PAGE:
Phil Weiser

Colorado Attorney General Phil Weiser speaks to the Colorado Water Congress in Westminster on Jan. 30, 2020.

Colorado's Democratic attorney general wants the country's Republican president to rethink his recent changes to the National Environmental Policy Act, the federal law that dictates federal approval for infrastructure and other construction projects.

While communities and environmental groups say the process is justice for communities, those clamoring for NEPA reform point out that environmental permitting and other red tape can tie up work for years.

Colorado Attorney General Phil Weiser sent a letter about the proposed changes the White House Council on Environmental Quality. 

"In Colorado, protecting our state’s land, air, water, and people is of the utmost importance," the letter states. "Colorado is home to abundant natural resources, and its natural environment provides aesthetic, economic, social, and ecological value.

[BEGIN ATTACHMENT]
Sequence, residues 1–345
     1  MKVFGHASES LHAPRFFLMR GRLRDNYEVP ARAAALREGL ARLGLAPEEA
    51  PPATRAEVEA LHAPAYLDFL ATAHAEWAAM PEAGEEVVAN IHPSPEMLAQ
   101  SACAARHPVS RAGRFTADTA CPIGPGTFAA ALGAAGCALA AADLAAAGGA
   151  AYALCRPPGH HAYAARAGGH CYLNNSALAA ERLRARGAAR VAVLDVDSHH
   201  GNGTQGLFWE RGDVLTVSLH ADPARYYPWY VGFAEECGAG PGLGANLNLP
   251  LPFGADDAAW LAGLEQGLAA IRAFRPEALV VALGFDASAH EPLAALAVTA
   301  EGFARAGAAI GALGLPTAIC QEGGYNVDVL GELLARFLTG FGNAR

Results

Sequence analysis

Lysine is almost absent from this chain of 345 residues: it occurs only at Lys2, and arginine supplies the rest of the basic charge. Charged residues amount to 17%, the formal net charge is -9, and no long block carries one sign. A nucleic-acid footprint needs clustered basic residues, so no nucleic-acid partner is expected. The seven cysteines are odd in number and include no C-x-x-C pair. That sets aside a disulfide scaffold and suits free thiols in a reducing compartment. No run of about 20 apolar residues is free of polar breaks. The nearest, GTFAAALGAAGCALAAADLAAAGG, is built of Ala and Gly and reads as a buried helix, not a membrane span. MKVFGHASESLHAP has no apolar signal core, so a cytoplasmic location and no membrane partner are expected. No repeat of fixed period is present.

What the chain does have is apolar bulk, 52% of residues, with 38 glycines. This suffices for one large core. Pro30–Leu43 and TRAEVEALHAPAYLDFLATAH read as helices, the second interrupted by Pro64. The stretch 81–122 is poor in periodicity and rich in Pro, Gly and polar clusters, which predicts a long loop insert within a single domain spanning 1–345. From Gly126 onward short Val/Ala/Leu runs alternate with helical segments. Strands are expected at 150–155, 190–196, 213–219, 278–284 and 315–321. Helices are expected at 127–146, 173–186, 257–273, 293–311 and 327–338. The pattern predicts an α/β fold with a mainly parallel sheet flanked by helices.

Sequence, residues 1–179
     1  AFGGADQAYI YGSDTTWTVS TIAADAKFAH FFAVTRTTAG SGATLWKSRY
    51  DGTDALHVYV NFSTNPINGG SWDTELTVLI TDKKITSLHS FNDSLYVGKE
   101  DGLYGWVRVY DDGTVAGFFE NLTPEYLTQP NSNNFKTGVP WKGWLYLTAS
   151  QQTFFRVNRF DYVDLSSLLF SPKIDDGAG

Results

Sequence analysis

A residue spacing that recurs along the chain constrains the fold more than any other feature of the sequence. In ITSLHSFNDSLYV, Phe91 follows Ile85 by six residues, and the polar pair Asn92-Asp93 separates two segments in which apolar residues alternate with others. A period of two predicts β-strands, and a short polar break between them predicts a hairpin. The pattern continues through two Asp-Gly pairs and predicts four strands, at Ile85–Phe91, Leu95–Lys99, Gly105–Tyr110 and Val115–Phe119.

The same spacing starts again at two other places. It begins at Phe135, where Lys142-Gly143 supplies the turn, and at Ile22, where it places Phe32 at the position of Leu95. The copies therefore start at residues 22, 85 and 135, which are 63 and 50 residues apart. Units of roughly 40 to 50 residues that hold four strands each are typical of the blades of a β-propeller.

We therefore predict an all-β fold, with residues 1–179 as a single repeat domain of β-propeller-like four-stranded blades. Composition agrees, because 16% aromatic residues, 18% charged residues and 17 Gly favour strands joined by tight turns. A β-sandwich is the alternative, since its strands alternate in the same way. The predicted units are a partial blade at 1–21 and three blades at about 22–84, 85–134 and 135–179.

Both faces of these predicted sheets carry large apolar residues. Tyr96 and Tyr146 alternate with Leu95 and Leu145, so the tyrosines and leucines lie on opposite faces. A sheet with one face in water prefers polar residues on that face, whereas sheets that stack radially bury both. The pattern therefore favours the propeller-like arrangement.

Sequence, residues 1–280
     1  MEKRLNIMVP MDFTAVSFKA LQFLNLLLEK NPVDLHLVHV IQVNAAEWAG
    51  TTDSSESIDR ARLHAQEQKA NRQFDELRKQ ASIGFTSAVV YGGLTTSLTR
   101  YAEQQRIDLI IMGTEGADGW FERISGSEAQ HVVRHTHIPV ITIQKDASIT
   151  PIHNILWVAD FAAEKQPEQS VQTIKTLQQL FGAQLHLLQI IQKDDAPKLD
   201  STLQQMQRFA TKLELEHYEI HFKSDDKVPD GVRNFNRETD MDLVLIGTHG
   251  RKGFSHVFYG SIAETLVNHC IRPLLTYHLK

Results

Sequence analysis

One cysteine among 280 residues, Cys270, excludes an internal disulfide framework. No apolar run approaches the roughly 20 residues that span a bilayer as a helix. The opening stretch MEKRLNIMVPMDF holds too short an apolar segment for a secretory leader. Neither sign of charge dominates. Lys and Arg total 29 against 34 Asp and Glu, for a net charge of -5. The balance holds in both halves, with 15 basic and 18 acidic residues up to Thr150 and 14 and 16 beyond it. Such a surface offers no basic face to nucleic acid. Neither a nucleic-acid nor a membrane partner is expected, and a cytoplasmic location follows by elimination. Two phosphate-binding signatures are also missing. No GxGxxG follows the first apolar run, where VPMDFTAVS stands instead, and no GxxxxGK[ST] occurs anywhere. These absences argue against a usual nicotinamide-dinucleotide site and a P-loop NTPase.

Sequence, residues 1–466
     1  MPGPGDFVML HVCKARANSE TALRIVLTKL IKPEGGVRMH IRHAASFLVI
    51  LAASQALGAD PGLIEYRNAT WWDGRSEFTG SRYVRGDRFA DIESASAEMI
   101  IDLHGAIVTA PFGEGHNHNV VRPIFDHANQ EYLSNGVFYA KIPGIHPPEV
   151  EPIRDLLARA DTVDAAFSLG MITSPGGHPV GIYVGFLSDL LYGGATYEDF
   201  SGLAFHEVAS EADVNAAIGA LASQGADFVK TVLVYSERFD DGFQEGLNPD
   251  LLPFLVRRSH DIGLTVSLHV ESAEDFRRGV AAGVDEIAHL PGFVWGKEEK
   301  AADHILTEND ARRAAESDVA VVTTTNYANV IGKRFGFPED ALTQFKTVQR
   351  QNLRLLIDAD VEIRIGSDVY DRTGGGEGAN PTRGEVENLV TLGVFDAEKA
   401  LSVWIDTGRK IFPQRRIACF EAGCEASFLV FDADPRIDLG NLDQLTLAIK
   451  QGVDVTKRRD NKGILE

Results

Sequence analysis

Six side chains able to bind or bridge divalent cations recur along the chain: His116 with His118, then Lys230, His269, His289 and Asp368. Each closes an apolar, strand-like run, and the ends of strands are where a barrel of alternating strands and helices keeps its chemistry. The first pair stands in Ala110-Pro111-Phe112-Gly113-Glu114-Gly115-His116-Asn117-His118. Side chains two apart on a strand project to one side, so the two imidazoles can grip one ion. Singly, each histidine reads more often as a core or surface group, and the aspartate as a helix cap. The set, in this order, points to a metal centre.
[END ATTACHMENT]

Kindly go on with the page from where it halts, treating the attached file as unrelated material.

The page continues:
"The National Environmental Policy Act (NEPA) ensures that decision makers carefully consider, and seek to minimize, potential adverse effects on Colorado’s resources when making infrastructure and other types of decisions."

Read the full letter by clicking here.

“Since NEPA became law 50 years ago, federal, state, local and tribal agencies have worked collaboratively with concerned citizens to reach better decisions on federal actions such as highway construction, energy development, water planning, disaster preparedness, and fish and wildlife management,” Weiser said in a statement.

“Colorado supports modernizing NEPA review and making it more efficient and streamlined. The proposed rule, however, would restrict our state’s ability to take into account the indirect and cumulative impacts of projects and ignore the effects of climate change in infrastructure and resource planning, and that could threaten Colorado’s health, economy and way of life.”

Contact Joey Bunch at or follow him on Twitter @joeybunch.

Colorado Politics senior political reporter

Joey Bunch is the senior correspondent and deputy managing editor of Colorado Politics. His 32-year career includes the last 16 in Colorado. He was part of the Denver Post team that won the Pulitzer Prize in 2013 and he is a two-time finalist.

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